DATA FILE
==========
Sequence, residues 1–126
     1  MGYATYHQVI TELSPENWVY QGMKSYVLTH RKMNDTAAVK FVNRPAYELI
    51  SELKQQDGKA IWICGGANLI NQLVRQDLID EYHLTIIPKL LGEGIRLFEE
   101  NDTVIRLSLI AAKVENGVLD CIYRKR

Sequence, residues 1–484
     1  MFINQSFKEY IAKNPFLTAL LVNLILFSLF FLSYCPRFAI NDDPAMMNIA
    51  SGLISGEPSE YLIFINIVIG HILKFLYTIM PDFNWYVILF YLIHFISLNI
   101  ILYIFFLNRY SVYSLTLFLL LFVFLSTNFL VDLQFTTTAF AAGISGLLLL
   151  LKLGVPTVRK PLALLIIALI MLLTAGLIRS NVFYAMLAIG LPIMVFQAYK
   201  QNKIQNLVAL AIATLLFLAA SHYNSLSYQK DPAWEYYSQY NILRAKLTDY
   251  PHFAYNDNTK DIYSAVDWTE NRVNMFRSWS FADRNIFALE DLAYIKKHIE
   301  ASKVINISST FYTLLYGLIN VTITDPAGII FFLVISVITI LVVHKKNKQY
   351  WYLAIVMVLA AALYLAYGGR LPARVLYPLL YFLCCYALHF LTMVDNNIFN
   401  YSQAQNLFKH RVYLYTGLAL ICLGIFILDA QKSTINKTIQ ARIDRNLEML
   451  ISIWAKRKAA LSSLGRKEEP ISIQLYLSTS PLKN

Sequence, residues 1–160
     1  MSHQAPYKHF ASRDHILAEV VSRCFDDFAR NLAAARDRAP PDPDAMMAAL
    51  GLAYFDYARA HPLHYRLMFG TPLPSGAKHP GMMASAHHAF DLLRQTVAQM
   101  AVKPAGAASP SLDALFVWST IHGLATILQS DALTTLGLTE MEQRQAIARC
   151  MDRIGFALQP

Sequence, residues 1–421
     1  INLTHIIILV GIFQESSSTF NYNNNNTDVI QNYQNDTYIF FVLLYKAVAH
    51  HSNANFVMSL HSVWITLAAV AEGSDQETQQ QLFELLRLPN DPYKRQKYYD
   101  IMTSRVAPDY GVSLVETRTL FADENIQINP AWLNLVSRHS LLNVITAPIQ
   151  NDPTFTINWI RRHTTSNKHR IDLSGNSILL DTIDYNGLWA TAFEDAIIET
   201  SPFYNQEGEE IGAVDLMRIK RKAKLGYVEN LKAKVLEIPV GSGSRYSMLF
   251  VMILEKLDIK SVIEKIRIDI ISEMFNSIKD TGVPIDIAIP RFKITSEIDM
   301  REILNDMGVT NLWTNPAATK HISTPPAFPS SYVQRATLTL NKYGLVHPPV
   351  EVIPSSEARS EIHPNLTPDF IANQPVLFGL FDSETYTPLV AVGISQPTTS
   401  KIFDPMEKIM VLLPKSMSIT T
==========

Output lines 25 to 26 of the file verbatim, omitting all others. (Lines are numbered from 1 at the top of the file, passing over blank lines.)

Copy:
   151  NDPTFTINWI RRHTTSNKHR IDLSGNSILL DTIDYNGLWA TAFEDAIIET
   201  SPFYNQEGEE IGAVDLMRIK RKAKLGYVEN LKAKVLEIPV GSGSRYSMLF